Tax Reform Impacts Resolutions of False Claims Act Enforcement Actions
The tax reform law passed in December 2017 establishes requirements and conditions for the tax deductible treatment of payments made to the government to resolve enforcement actions. See 26 U.S.C. § 162(f) (2018); see also Pub. L. No. 115-97, § 13306, H.R. 1 (Dec. 22, 2017). The new provisions hold important implications for defendants in all types of enforcement actions. Notably, the new law seems to require a departure from long-standing Department of Justice (DOJ) policy not to characterize settlement payments for deductibility purposes. Moreover, the law leaves unanswered important questions for cases brought under the federal False Claims Act (FCA). Thus, it remains critical that defendant taxpayers carefully consider the implications of government settlement payments from the outset of a matter.
Historically, the government has declined to take a position in settlement agreements regarding the tax deductibility of settlement payments. The DOJ’s position is consistent with a long line of cases establishing that taxpayers bear the burden of proving deductions to the Internal Revenue Service (IRS). The previous tax provision and case law supported the proposition that amounts paid to compensate the government for its losses were generally tax deductible, but that other items, such as penalties and fines, may be considered punitive and, therefore, not deductible. Thus, it was generally understood that single damages under the FCA were compensatory and deductible, but other amounts paid under the FCA (e.g., multiple damages, government costs, and relator costs and fees) were open to interpretation. This allowed an FCA defendant a certain degree of leeway when marshaling proof to support the tax deductibility of a settlement payment beyond single FCA damages.
The new tax law addresses some of this uncertainty, but not necessarily in a welcome way for FCA defendants. Significant revisions and new provisions include the following:
The revised law prohibits tax deductibility unless an FCA defendant demonstrates that the payment was either (i) restitution for damage or harm which was or may be caused by the violation of any law or the potential violation of any law, or (ii) an amount paid to come into legal compliance with any law involved in the government’s investigation or inquiry. This prohibition will likely hamper an FCA defendant in any effort to deduct those portions of a settlement payment consisting of damage multipliers.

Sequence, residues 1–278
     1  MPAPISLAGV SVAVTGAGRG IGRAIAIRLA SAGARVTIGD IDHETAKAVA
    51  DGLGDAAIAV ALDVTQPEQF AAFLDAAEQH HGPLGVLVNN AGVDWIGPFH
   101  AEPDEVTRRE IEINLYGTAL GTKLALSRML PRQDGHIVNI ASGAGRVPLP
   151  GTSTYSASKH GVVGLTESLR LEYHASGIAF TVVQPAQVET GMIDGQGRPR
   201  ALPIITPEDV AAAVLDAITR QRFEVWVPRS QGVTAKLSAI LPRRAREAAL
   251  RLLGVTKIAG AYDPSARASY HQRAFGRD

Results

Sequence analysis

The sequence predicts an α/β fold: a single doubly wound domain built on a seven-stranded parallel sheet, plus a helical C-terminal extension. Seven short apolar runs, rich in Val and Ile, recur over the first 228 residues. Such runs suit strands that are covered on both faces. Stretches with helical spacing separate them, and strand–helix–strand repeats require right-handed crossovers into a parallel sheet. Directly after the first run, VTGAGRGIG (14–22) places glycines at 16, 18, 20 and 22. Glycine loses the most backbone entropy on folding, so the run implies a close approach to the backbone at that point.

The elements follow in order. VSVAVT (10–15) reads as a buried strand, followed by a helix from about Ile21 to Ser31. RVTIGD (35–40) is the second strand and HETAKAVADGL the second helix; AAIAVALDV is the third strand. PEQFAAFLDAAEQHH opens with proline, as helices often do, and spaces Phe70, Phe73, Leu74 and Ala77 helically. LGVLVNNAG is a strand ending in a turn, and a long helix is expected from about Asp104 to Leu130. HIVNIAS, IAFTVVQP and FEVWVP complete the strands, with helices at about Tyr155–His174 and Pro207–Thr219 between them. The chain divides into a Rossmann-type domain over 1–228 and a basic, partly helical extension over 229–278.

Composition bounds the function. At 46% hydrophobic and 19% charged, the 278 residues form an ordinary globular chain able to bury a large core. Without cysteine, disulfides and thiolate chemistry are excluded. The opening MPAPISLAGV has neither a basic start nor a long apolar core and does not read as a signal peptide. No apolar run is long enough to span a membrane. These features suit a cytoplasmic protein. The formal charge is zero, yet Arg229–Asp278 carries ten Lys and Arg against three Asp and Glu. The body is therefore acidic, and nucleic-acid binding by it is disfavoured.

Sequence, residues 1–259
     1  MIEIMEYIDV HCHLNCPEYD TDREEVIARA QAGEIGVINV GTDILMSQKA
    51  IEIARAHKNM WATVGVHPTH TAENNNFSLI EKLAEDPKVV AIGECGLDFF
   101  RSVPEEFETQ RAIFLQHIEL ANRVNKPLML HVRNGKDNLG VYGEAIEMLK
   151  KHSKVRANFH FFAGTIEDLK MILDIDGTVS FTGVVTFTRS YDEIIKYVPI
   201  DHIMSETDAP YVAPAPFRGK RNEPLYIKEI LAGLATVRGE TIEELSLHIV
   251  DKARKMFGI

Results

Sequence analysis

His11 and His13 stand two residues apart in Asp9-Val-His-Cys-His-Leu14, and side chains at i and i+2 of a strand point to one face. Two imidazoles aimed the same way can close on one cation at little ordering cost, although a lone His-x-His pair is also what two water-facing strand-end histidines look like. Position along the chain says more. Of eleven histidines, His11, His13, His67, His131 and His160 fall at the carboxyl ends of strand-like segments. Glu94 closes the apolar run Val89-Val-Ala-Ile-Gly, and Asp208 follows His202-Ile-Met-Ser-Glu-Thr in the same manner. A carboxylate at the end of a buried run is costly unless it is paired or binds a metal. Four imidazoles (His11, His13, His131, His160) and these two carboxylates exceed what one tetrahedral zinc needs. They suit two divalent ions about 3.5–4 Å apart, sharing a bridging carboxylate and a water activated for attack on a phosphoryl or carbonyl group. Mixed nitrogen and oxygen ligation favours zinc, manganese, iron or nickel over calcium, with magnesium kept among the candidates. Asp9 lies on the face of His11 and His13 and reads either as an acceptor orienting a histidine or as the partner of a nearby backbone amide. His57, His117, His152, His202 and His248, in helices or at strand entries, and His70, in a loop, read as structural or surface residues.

Either the settlement agreement or a court order must identify the specific amount of the total settlement payment that is considered the restitution amount. Without this specification, an FCA defendant will be precluded from taking any tax deduction, even for those payments that may have been considered compensatory, and deductible, under the previous tax law. This is a significant change to the settlement process, especially because the DOJ has traditionally avoided taking any such position in FCA settlements. To date, the DOJ has not signaled how it intends to handle tax deductibility issues in FCA settlement negotiations.
The DOJ or other government entity is now required to report deductible amounts to the IRS at the time of settlement.
A new provision in the tax law precludes deductions for amounts paid or incurred as reimbursement to the government for costs associated with its investigation or litigation. The law does not address, however, the same types of reasonable fees and costs that are typically paid by FCA defendants to FCA whistle-blowers.
Of note, the new law does not change the taxpayer’s ultimate burden to prove tax deductibility. When claiming the deduction, the taxpayer must independently establish that the payment is restitution- or compliance-related, even if a settlement agreement identifies an amount as such. The new provision does not necessarily change much of the existing law that guides taxpayer deduction decisions, including what documentation the IRS may require in an audit scenario. However, it does make clear that no payment will be tax deductible without a clear tax characterization statement and, although it remains to be seen exactly how the new law will be implemented by the various implicated government agencies (e.g., DOJ, SEC, IRS, etc.), it should bring many of these issues to the forefront of enforcement litigation and settlement discussions.
As anybody who has dealt with FCA enforcement knows, tax implications are of paramount importance to the resolution of such matters. In the fiscal year ending September 30, 2017 alone, the DOJ obtained more than $3.7 billion in settlements and judgments from civil cases involving fraud and false claims against the government. At a 35 percent corporate tax rate, that equals $1.295 billion in potential bottom-line impact from tax deductions at stake in the past year alone.
In the face of these recent changes to the tax law, it is more critical than ever that FCA defendants consider the potential tax ramifications of resolution from the outset of an investigation or litigation. They should involve a team of experienced defense and tax counsel to ensure appropriate documentation and to assist in the negotiation and characterization of settlement and restitution amounts.
Kelly J. Davidson, Brett A. Switzer
March 28, 2018
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